Residents get up close and personal with predator

By Victoria White victoria white@hbtoday co nz

1 comment
UNUSUAL: Janet (left) and Natalie Bombik, 6, made the most of their rare chance to get close to the shark which washed up on Westshore Beach. PHOTO/SUPPLIED
UNUSUAL: Janet (left) and Natalie Bombik, 6, made the most of their rare chance to get close to the shark which washed up on Westshore Beach. PHOTO/SUPPLIED

A shark washed up on Westshore Beach gave Napier residents a close encounter with the rarely-seen animal.

Residents said they thought the shark, identified as a bronze whaler, was between a metre-and-a-half to 2m long.

Napier resident Libor Bombik and his family saw the shark lying on the beach on Wednesday afternoon.

Mr Bombik said his three young daughters hadn't been frightened and actually thought the shark was "pretty cool".

"My 6-year-old was pretty excited and was poking it ... even for me and my wife touching a shark's skin was quite cool."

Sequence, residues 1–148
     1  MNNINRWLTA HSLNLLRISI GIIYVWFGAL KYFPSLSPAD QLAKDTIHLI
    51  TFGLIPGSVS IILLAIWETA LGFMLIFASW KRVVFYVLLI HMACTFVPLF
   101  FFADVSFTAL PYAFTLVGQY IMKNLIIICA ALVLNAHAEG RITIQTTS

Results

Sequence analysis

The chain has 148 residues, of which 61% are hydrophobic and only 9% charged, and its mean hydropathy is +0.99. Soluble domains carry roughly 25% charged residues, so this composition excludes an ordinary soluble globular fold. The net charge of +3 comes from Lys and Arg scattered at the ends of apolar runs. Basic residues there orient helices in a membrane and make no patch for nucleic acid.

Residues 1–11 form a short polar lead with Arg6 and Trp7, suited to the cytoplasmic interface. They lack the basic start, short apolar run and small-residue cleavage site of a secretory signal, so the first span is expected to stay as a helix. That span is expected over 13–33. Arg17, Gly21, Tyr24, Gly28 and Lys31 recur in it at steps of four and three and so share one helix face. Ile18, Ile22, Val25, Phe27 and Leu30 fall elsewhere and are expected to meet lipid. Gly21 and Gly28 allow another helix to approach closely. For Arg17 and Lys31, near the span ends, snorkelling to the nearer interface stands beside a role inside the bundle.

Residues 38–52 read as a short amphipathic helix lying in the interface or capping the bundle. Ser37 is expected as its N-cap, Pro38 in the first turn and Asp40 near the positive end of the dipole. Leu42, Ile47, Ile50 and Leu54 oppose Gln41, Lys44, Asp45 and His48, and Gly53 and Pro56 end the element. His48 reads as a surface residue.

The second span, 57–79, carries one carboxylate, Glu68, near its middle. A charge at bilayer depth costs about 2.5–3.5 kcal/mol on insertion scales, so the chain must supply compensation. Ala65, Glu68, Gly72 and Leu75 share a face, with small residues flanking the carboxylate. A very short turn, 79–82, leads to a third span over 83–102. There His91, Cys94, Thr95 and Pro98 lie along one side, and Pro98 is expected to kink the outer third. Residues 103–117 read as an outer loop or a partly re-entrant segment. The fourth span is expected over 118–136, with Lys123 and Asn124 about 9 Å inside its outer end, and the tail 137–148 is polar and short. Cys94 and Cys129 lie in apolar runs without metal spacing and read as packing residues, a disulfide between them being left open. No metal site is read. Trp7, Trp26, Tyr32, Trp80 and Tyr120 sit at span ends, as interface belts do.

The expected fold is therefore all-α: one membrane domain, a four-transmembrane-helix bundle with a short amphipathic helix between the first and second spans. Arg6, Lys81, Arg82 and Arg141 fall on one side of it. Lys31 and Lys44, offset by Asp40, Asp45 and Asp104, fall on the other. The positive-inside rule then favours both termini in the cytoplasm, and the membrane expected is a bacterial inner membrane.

Napier couple Nikki Fox and Michael Foster also stumbled across the shark 20m along the walkway between the Esplanade Westshore and Bay View.

Ms Fox said the only time she had seen sharks that close had been at the aquarium. "I was thinking 'thank goodness I wasn't swimming at the time'.

It's unusual. You don't ever see sharks, my first thought was how it had come to be there."

National Aquarium of New Zealand exhibits curator Kerry Hewitt said it was uncommon for sharks to wash up on the beach. As a section of the shark's intestines were outside its body, Mr Hewitt said it could have been a bearing female who had come into shore to give birth.

It was hard to tell exactly how the bronze whaler had died but it "wasn't fresh".

Mr Hewitt said the ragged dorsal fin, wrinkled skin, sunken eyes, and folded fins suggested the shark had been dead for a couple of days, and that heavy seas had possibly pushed the shark up on the beach.

- Hawkes Bay Today

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